On remand, by order dated March 3, 1988, the trial court granted the Bankerts' motion for leave to amend their crossclaims against the Township and Brown. On June 3, 1988, the Bankerts filed their amended cross-claim.*fn2 On the

[ 126 Pa. Commw. Page 412]

    same day, the Township and Brown filed a motion for summary judgment as to all claims against them, contending that the provisions of 42 Pa.C.S. §§ 8541-8564 afforded them immunity from trespass actions not falling within the exceptions enumerated in 42 Pa.C.S. § 8542(b) and from all assumpsit actions.

By order dated September 19, 1988, the trial court granted summary judgment to the Township and Brown. The trial court concluded that the Township and Brown were immune from trespass actions since none of the exceptions listed in 42 Pa.C.S. § 8542(b) were applicable. The trial court further concluded that the Township and Brown were immune from assumpsit actions, reasoning that the elimination of the title "Political Subdivision Tort Claims Act"*fn3 from the local governmental immunity provisions formerly found in Title 53 and now found at 42 Pa.C.S. §§ 8541-8564, evidenced a legislative intent to cloak municipalities and their officers/employees with immunity from all actions except those which come within the purview of 42 Pa.C.S. § 8542(b).

On consolidated appeals to this court, Plaintiffs and the Bankerts assert that the trial court erred in granting summary judgment in favor of the Township and Brown. Plaintiffs and the Bankerts contend that the provisions of 42 Pa.C.S. §§ 8541-8564 do not afford immunity to a municipality and/or sewage enforcement officer (SEO) from contract actions, but only from actions sounding in tort. Plaintiffs also contend that the Township should not have been given a second chance to test the sufficiency of the pleadings, alleging that the trial court had previously overruled the Township's preliminary objections in the nature of a demurrer. Finally, Plaintiffs assert that the Township's motion for summary judgment was untimely filed, pointing out that the original complaint was filed on January 27,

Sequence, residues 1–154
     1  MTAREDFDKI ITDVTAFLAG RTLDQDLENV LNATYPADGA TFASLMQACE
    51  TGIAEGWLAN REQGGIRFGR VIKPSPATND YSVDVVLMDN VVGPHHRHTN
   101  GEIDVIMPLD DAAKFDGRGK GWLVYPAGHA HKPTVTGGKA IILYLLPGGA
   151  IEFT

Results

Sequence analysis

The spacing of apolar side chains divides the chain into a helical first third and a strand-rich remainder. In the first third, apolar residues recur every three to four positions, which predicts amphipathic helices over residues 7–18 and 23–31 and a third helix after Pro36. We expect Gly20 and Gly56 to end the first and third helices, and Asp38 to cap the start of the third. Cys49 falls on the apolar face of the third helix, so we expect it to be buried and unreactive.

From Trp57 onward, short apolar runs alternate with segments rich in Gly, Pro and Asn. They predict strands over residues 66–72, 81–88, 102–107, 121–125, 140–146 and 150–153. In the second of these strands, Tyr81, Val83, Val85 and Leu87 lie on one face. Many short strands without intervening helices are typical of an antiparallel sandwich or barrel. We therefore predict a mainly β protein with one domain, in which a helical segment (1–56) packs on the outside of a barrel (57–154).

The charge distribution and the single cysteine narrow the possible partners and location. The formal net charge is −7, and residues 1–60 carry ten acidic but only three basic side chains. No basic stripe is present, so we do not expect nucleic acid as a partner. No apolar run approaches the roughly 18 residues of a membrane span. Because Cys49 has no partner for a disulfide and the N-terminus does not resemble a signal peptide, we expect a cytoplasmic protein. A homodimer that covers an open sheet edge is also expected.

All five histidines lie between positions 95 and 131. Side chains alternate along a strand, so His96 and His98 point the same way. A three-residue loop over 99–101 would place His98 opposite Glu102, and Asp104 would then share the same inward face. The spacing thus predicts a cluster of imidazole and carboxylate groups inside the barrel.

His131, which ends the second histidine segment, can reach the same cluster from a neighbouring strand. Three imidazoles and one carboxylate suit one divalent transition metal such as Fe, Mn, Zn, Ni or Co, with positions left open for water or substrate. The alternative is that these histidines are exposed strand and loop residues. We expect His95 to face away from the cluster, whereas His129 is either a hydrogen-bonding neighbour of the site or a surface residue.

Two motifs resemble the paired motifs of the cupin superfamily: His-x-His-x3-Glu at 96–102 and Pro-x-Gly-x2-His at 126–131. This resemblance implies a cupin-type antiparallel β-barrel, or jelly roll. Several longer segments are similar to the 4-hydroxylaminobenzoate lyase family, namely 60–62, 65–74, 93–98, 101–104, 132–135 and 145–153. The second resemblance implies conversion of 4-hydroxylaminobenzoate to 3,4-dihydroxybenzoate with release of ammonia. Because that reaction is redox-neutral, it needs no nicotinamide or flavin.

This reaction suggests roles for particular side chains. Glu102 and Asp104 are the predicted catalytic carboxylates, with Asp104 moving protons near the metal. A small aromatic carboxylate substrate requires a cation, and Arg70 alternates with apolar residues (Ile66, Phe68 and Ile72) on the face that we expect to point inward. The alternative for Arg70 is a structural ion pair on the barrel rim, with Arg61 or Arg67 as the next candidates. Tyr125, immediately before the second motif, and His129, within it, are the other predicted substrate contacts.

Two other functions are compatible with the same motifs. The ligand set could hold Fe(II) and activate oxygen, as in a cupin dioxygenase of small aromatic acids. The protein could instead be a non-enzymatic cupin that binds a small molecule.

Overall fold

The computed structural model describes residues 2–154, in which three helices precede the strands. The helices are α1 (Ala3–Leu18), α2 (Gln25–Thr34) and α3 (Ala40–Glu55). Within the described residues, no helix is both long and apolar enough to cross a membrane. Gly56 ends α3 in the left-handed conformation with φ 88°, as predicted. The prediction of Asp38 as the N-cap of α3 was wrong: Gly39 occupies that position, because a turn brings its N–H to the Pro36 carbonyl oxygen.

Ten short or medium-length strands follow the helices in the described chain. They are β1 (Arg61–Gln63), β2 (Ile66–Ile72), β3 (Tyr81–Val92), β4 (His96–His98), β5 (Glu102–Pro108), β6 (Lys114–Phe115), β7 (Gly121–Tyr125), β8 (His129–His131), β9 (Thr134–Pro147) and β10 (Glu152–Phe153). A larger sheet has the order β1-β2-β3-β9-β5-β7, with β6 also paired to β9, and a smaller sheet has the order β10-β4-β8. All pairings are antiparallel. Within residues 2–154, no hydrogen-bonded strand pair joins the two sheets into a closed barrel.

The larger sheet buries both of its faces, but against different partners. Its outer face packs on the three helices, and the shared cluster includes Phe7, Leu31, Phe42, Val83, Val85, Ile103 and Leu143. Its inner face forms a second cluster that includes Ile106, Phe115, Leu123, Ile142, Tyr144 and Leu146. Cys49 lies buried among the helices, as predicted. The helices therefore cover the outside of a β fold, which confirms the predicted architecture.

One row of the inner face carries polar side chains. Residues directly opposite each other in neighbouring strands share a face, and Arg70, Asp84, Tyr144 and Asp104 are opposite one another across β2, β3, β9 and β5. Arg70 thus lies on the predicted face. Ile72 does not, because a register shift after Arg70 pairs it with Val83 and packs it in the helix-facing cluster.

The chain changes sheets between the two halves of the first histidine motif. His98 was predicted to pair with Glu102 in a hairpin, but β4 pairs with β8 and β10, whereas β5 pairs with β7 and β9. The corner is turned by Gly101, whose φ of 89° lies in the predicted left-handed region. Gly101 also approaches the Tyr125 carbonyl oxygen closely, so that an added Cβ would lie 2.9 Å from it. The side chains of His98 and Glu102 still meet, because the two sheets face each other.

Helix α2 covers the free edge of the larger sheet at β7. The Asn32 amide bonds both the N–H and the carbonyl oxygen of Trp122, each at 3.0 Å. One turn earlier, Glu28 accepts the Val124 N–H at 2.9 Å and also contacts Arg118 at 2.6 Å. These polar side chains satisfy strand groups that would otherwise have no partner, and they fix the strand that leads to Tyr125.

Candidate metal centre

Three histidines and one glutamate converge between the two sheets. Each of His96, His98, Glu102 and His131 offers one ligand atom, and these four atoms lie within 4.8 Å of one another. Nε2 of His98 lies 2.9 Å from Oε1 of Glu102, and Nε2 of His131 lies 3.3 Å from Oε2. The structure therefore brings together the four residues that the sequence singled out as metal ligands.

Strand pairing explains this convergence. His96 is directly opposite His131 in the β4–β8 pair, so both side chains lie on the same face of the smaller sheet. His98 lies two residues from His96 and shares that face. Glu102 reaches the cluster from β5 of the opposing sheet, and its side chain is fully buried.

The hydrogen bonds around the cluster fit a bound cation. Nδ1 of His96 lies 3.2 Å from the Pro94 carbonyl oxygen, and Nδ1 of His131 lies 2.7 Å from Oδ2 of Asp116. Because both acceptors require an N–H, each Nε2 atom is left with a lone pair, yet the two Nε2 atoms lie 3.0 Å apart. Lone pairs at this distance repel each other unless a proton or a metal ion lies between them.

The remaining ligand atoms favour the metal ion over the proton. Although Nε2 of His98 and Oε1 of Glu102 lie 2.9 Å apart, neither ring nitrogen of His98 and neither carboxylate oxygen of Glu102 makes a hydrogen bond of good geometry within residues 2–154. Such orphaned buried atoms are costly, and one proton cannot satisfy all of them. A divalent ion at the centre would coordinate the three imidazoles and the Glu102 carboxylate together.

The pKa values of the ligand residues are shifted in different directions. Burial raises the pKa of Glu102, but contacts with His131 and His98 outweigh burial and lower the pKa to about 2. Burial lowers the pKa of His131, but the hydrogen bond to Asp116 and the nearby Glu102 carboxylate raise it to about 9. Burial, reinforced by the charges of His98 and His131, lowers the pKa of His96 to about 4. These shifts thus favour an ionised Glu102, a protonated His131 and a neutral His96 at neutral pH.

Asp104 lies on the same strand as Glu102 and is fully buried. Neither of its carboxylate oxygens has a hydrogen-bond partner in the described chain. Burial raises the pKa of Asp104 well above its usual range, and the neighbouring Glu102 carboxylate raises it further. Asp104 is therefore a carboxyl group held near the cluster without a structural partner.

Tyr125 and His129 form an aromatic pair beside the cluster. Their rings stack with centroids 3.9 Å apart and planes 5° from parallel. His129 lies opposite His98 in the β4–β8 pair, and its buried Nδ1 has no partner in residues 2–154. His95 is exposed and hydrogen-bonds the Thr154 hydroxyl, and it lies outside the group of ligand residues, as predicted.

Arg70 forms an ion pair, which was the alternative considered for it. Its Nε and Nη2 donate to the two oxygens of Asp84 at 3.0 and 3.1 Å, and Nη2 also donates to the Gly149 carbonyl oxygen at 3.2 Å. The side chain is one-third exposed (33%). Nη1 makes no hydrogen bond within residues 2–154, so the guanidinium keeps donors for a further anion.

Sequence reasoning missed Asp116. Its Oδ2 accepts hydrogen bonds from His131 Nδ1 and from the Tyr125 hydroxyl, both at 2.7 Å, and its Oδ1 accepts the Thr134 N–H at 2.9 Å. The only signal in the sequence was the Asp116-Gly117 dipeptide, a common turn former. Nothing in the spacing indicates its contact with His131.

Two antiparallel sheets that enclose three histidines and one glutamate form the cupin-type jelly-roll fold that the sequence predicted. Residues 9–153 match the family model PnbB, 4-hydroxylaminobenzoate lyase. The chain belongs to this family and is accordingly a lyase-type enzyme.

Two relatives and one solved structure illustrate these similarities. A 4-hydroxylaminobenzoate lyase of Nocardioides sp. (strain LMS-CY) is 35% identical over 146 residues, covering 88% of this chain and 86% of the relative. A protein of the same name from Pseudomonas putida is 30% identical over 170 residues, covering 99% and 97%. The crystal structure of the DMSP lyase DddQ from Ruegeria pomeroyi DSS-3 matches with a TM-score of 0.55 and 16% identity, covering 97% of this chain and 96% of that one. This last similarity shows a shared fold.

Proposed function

[ 126 Pa. Commw. Page 4131984]

and discovery was completed in November of 1985. Plaintiffs argue that the Township's motion for summary judgment, which was not filed until June 3, 1988, was for the purpose of delaying the trial. We will address these arguments in reverse order.

Our scope of review of a trial court's grant of summary judgment is limited to a determination of whether the trial court abused its discretion or committed an error of law. Herman v. Greene County Fair Board, 112 Pa. Commonwealth Ct. 615, 535 A.2d 1251 (1988). A motion for summary judgment may properly be granted when the moving party establishes that no genuine issue of material fact exists and that it is entitled to judgment as a matter of law. Harding v. Galyias, 117 Pa. Commonwealth Ct. 371, 544 A.2d 1060 (1988). In considering a motion for summary judgment, all well-pleaded facts, but not conclusions of law, in the non-moving party's pleadings must be accepted as true. Id.

Plaintiffs first assert that the Township's motion for summary judgment was untimely filed.*fn4 Pa.R.C.P. No. 1035(a) states that a motion for summary judgment may be filed after the pleadings are closed, but within such time as not to delay trial. This rule also provides that a party may move for summary judgment based upon the pleadings and any depositions, answers to interrogatories, admissions on file, and supporting affidavits. Thus, the rule clearly contemplates the filing of a motion for summary judgment based upon discovery materials, as was done here. Review of the docket entries in this case also discloses that this case had not been listed for trial at the time the Township and Brown filed their motion for summary judgment. Accordingly, we conclude that the motion for summary judgment was timely filed.

[ 126 Pa. Commw. Page 414]